As shown in FIG. 1, the base end is positioned at an oblique angle 11 with respect to the longitudinal axis 19 of the tubular member. This bent portion of the tubular member provides an inclined handle for improving the grip orientation of the athlete during certain exercises. Typically, the angle 19 formed by the base end 16 with the longitudinal axis 19 is within the approximate range of 10 to 40 degrees. The specific angle 19 illustrated in FIG. 1 is approximately 25 degrees. The benefit of having a bent elbow at the base end of the tubular member will be appreciated by viewing the gripping orientation in the exercise illustrations contained herein.
The base end includes gripping means 15 attached to enable the athlete to hold the tubular member with a firm grip. This gripping means may be a rubber or plastic handle bar grip as illustrated in the figure, other types of gripping means which provide a comfortable, non-slipping surface to enable the athlete using the device to maintain firm control during exercising.
The tubular member has an approximate length between the range of 26 to 38 inches and a diameter no greater than approximately one and one-half inches, with a preferred outer diameter falling within the range of 0.078 inches to 1.000 inches where conventional-sized metallic pipe is used. The preferred length of the tubular member, as illustrated in FIG. 1, is 33 inches. This distance extends from the base part of the handle 15 to the top end 17. If the device is to be used by a young person, such as a little league baseball player, the preferred length would be approximately 28 inches.
As indicated above, the tubular member may be constructed of metal, typically aluminum or steel. Tubular wall thickness for aluminum construction will typically fall between 0.049 to 0.083 inches. Steel wall thickness would preferrably be within the range of 0.028 to 0.049 inches. Plastic materials may also be utilized, having a typical tube wall thickness of 0.050 to 0.100 inches. The material construction of configuration of the tubular member must be capable of withstanding a force of at least 50 pounds applied from both axial and non-axial orientations with respect to the longitudinal axis. More preferrably, the tubular member should be able to withstand forces of 100 pounds or greater.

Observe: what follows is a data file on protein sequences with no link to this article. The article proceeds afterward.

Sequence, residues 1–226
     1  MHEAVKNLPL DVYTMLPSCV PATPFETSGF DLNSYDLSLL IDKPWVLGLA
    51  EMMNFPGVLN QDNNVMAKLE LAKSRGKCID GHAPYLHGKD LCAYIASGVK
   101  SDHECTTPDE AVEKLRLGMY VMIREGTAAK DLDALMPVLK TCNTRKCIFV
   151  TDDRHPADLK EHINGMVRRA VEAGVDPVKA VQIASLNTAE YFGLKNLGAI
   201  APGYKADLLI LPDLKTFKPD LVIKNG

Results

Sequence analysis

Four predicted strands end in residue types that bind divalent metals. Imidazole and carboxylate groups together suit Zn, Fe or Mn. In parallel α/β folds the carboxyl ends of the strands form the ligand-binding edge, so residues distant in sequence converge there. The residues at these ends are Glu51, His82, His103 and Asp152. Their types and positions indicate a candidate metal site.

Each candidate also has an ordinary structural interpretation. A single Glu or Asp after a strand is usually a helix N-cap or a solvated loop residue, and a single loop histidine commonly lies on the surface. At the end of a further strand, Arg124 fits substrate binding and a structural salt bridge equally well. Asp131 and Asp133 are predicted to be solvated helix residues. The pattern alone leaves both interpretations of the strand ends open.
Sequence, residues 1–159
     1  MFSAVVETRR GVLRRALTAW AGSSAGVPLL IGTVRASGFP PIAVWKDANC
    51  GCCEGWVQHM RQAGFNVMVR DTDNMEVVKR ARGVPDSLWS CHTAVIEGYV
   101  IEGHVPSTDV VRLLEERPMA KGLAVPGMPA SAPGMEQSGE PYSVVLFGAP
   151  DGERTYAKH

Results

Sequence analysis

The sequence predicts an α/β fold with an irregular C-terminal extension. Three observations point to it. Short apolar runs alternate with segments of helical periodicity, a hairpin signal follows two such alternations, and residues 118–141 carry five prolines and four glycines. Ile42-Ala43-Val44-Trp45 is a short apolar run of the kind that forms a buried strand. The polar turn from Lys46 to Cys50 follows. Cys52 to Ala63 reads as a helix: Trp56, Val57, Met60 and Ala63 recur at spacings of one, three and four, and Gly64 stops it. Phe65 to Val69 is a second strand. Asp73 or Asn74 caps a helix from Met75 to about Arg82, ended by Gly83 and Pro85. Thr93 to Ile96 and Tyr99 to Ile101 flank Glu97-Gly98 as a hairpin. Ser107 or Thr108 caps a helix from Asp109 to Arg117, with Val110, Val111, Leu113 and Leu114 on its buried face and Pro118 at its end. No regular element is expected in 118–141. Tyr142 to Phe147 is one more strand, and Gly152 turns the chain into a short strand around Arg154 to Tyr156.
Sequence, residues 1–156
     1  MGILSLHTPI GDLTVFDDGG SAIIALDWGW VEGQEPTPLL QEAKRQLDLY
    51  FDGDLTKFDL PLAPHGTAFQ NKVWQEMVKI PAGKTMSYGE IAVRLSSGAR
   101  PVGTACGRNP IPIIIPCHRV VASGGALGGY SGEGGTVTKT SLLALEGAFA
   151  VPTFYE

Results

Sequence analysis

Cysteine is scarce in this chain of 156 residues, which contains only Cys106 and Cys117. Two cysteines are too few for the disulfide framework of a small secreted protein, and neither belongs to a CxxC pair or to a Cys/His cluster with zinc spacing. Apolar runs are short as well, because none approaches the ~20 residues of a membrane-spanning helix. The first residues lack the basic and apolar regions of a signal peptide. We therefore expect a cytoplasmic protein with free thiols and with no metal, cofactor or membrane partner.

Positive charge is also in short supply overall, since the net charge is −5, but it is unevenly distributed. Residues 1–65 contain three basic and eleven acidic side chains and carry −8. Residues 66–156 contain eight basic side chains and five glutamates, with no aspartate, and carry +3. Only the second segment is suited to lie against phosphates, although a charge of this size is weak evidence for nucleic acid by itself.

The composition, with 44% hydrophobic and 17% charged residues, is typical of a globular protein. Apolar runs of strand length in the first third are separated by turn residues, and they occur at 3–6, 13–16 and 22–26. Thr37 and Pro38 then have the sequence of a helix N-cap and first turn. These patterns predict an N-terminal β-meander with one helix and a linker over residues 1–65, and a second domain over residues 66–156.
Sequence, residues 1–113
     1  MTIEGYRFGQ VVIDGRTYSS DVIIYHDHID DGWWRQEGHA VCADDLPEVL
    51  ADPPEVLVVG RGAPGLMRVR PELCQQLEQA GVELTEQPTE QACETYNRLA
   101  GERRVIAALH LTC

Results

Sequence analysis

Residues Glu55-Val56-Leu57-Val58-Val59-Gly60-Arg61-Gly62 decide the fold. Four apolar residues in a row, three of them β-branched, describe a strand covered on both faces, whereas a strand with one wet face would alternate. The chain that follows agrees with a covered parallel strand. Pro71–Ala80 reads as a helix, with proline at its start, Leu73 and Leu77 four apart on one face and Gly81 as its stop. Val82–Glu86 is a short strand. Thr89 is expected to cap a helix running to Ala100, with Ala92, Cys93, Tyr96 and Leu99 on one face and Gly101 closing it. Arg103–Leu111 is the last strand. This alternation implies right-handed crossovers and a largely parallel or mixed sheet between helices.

Although variable lengths may be desirable for the tubular member, it is preferable to construct the subject device with a single length of tubular material to provide a sturdy, rigid, and stable exercise structure. In most cases, however, where adjustable lengths are desirable over the indicated stability, the tubular member 10 can be adapted to adjust to different lengths by use of telescoping structure 18, wherein the top end of the tubular member can be extended from within the lower portion of the tubular member, below the telescoping point 18.
The tubular member is further adapted with padding means 14 which circumscribes an intermediate section thereof to provide a cushion between the rigid tubular member and the athlete at a point of contact therebetween. The padding means illustrated in FIG. 1 comprises a tubular shaped, foam rubber pad having a length of approximately eight inches and an inner diameter slightly smaller than the outer diameter of the tubular member 10. The padding means should have sufficient thickness to provide comfort at the point of contact between the athlete and the rigid tube structure. This can be appreciated by viewing illustrations of the various exercises which can be accomplished with the subject invention, as shown in the figures. It will be apparent that other types of pads or cushions could be readily adapted to enhance comfort and protect against injury during exercising. It should be noted that the padding means would typically be positioned at a location of the tubular member which contacts the body and operates as a lever and fulcrum in performing certain exercises. It should therefore be capable of being re-positioned along any part of the tubular member length.
The top end 17 of the tubular member is adapted for attachment of an elastic cord 12 at a first end 25 thereof. A second end 24 of the elastic cord includes clip means 22, which enables the athlete to attach an exercise grip member 13 by means of a clip retainer 23 which is firmly attached to the exercise grip member 13.